Cleveland Indians center fielder Grady Sizemore entered the 2009 season perched near the top of any fantasy draft list you could get your eyes on. His talents are obvious: the 26 year-old owns a career .369 wOBA, a .275/.366/.485 line and he swiped in excess of 30 bases in each of the past two seasons. Sizemore looked like a very wise investment, and one with upside to boot as he entered what are typically the peak years for hitters.
Instead, Grady’s wOBA sits at a gruesome .299. After compiling 35.2 Batting Runs in 2008, Sizemore checks in at a minuscule -5.5 in 2009. By either measure, he has been the least productive Indian among batters taking at least 50 PA.
So, is it time to barter Sizemore in hopes of recouping some value on that high draft pick? When you dig a little deeper into Grady’s subpar season, the answer becomes apparent: heck no.
In most respects, Sizemore’s core numbers are in line with his stellar work in previous seasons. His walk rate is 11.1 percent, very near his 11.3% career average, and his Outside-Swing Percentage is 19.4% in 2009 (18.6 career average). His strikeout rate is slightly higher this season (24.9%, compared to a 22.6% career average), but not alarmingly so.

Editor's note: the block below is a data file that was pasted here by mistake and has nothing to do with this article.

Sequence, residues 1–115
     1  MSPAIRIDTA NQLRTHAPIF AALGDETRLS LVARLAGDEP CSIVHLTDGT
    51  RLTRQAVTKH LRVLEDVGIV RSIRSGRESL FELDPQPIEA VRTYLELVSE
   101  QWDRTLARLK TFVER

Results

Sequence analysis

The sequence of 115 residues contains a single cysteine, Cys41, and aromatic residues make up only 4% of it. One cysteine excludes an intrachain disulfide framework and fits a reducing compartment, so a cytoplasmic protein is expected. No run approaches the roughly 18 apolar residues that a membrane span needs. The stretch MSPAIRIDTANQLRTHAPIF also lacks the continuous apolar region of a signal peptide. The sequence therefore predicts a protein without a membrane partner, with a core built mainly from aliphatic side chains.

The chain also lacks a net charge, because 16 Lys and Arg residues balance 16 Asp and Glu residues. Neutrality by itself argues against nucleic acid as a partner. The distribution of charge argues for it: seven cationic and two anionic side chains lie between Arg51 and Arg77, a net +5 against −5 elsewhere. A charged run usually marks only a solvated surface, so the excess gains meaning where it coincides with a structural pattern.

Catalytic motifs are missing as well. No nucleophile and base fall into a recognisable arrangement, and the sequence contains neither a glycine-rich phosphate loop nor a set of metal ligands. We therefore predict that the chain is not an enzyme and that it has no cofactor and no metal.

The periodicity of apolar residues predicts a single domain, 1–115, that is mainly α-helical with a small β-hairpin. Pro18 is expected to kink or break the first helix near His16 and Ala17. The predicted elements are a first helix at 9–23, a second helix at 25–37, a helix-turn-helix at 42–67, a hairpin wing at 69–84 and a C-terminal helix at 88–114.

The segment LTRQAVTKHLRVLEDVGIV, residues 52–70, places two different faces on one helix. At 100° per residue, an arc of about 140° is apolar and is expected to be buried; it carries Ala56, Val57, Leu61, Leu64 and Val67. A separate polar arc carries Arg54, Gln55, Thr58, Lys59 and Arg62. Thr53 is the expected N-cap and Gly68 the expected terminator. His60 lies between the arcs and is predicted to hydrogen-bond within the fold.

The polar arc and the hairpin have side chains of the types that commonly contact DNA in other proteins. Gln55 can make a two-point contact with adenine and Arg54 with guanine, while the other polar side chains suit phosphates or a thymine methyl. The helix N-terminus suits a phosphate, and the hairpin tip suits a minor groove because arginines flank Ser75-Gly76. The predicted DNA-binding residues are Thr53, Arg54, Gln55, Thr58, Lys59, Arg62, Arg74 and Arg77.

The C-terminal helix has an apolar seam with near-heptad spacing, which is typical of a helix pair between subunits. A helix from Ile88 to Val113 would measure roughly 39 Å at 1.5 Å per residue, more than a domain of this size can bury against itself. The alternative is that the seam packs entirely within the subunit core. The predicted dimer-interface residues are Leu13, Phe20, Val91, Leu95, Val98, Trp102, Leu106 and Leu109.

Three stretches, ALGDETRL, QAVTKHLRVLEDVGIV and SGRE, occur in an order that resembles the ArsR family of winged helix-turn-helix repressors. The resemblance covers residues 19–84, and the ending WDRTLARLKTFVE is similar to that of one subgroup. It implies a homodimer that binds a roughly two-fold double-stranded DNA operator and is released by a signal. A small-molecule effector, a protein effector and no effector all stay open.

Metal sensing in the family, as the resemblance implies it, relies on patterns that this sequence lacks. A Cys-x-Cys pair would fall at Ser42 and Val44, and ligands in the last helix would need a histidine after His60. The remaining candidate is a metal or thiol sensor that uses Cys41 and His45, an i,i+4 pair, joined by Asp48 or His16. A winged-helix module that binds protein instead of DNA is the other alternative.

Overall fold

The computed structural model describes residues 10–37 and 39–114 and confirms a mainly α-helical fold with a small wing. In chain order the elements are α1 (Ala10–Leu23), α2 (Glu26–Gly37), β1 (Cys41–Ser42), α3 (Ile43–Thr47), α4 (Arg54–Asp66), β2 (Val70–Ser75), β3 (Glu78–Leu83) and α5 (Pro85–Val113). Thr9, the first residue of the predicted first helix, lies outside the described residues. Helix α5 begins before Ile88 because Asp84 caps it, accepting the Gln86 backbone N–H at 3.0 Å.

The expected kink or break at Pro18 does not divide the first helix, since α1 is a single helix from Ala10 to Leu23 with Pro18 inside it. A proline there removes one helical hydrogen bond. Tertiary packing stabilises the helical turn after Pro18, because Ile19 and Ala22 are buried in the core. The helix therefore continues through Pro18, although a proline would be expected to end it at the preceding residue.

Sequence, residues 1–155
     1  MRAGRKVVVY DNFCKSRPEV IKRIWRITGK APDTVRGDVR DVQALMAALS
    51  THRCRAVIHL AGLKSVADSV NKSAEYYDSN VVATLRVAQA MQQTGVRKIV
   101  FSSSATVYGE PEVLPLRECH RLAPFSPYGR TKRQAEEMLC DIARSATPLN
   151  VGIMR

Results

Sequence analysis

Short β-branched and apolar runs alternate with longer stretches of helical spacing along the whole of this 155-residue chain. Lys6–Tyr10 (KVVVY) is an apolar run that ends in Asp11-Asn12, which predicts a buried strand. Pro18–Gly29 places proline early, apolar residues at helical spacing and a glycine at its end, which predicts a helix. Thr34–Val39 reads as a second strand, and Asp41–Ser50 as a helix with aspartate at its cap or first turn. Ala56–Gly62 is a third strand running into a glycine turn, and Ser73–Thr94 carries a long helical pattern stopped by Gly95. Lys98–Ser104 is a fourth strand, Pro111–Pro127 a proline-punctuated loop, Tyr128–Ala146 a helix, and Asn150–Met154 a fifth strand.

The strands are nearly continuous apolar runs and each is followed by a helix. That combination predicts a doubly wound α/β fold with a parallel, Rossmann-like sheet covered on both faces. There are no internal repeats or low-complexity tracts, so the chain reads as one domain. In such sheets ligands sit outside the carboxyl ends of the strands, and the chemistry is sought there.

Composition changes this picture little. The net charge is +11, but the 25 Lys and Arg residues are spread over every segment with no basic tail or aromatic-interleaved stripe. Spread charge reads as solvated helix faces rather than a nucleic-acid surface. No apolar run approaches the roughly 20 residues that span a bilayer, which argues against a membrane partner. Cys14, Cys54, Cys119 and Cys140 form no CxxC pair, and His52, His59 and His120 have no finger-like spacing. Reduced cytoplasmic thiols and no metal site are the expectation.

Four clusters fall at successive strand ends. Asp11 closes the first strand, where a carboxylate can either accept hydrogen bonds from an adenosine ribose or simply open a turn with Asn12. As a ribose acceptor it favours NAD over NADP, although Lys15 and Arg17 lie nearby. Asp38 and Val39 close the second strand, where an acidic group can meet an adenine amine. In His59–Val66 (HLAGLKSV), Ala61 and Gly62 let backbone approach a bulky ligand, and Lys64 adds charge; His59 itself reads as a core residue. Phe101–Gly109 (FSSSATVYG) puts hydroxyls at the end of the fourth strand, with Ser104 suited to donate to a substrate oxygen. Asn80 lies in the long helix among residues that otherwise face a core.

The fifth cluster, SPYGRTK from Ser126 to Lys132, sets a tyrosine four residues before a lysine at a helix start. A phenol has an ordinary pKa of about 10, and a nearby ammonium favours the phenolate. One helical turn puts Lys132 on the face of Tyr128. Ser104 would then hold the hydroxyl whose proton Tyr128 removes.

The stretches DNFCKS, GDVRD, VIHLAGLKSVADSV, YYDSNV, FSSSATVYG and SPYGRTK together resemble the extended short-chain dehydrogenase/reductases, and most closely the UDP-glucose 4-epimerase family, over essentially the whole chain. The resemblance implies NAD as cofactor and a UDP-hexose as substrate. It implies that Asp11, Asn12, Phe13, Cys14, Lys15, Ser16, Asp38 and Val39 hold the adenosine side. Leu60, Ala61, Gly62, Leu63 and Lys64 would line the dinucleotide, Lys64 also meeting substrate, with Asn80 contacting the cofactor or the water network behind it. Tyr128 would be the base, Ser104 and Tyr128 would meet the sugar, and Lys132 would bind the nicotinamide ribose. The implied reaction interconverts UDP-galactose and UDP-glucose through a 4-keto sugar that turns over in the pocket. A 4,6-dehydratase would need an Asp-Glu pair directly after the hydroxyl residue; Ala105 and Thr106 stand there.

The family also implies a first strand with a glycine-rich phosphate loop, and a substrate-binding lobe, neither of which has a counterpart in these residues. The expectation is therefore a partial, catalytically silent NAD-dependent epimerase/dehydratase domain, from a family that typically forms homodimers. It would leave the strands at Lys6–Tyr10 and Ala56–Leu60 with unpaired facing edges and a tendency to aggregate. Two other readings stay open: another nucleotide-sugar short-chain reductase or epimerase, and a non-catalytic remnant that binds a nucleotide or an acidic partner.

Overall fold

Sizemore is driving the ball a little less this season with a .181 Isolated Power (Slugging% minus BAVG; his career average is .210), but it isn’t as though he has been punchless. He’s still making plenty of hard contact, too, with a 20.8% line drive rate (21% career average). Sizemore isn’t suddenly chopping the ball into the dirt frequently, either, with a 35.4 groundball percentage and a 43.8 flyball percentage (his career marks are 36.7% and 42.3%, respectively).
So, if the 2009 version of Grady so closely resembles the 2004-2008 models, then why is his lumber in the gutter? While he is getting jammed more often than usual (his infield/flyball percentage is 17.5%, compared to a 7.4% career average), the main culprit is a .240 BABIP that’s nearly 80 points below his career average of .319. That’s one of the 15 lowest marks in the majors, and goes a long way toward explaining why he has more closely resembled Carlos Gomez at the dish, instead of the championship-caliber player we have come to know and love.
Sizemore hasn’t been himself on the base paths to this point (7 SB and 6 caught stealings, with a 3.9 Speed Score that’s way below his 7.1 career mark). However, there’s not much to worry about regarding his hitting. Sizemore should commence lashing pitches into the gaps and getting on base at a healthy clip from here on out. If you have weathered the storm to this point, hold steady: Grady’s not playing nearly as bad as his surface stats would indicate.